One man’s junk, he thought, as he rang up Sharon’s treasure.
“I really want this squirrel,” Grim said.
J. P. was just about to ask where Grim would hang it, when he decided better. No need to put a customer on the defensive. “I’m glad this squirrel will be finding a good home,” he almost said. But at the last minute, he simply thanked Grim for his purchase and rang up the sale.
“I’ve always wanted to see your work displayed,” Miss Penguin said to Sugar. “I’ll keep these in mind for upcoming design jobs!”
Cypress decided that one of the gnomes would look great in their garden. It took so long for J. P. to finish Grim’s sale that she just about left her purchase for another day, when J. P. ran over.
“I’m so sorry, Cyp,” he said. “That was the weirdest sale. Look, just take the gnome. It’ll look great in your garden.”
But Cypress insisted on buying.
“I want to be one of your first customers,” she said. “Please?”
Sugar also wanted to be one of the opening day customers.
“But you painted this painting, Aunt Sugar,” J. P. said.
“Yeah, but this is a print! We can keep the original in the basement, but I want a print for Ren. She loves this painting, and it’ll look great in our kitchen.”
The store was still packed with customers after midnight. J. P. barely had energy to stand. It had been a great opening day, but he was simply beat. Hungry, too, and his deodorant was starting to wear off.
“I stink,” he said, as he made his way up to the apartment.
The next morning, he woke feeling starving, but enthusiastic. The apartment felt even better than a second home. It was a cheerful, cozy, and restful sanctuary.
He spent the morning restocking items. Maybe he’d leave the place closed this day and use the time to complete the inventory.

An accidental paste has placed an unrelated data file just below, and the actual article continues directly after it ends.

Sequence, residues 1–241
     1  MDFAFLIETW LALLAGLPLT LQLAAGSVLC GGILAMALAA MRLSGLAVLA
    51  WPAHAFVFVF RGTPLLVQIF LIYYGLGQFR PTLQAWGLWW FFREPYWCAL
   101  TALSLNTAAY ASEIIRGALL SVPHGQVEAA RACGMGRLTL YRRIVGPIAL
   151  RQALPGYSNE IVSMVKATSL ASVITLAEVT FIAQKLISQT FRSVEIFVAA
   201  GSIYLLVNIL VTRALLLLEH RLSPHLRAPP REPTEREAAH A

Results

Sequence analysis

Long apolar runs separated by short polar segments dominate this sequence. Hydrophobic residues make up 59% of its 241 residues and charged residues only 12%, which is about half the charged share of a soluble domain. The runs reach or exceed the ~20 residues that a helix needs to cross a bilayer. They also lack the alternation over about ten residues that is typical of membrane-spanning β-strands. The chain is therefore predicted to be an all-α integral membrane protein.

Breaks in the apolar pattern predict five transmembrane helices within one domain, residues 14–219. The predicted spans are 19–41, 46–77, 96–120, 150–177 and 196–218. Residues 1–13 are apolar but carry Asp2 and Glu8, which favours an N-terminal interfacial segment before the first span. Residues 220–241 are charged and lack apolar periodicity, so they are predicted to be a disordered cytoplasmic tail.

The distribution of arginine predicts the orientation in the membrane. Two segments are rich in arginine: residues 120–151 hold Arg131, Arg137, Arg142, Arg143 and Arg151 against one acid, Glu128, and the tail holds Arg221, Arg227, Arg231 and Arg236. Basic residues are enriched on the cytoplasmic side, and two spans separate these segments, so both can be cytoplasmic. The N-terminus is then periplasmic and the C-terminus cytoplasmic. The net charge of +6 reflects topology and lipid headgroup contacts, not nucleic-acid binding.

But when he checked his twitter account, he found that his tweets had been retweeted, and people were asking about hours and new shows and wanting to find out when they could buy their own Bough.
Sales had been so good the first day that he hired a manager. Rae Rei showed up, along with Miss Penguin as the day’s barista.
“Rae,” he said, “I’ve been looking over your resume, and I’m lucky to hire you. You just do whatever you think we need to make this place run smoothly.”
“Tell you what,” Rae said, “if you’re open to listening to ideas, I’ll be open to sharing them!”
Cypress came back again.
“This is such a cool store,” she told her brother.
Most of the same customers had returned, and they were all looking to buy.
Rae and J. P. ran into some confusion with ringing up sales. Did she have that customer, or was he waiting for J. P.?
“Tomorrow, let’s have one of us stock and the other handle sales,” Rae suggested.
At the end of the second day, J. P. was as tired as he had been the night before when he finally made his way up to the apartment. But he was also a lot happier. He remembered what Rae had told him: “We learn by doing, J. P. We can’t expect ourselves to be master merchants instantly. But we’ll get there! We’re smart! And we’re a team.”
He loved his team: baristas, sales manager, and all. And he loved his customers, too: family, friends, and the friends he hadn’t yet met.
Running a store might not be as fun as just hanging out all day, but dang! It sure felt satisfying, especially when he got to share his family’s work with the world.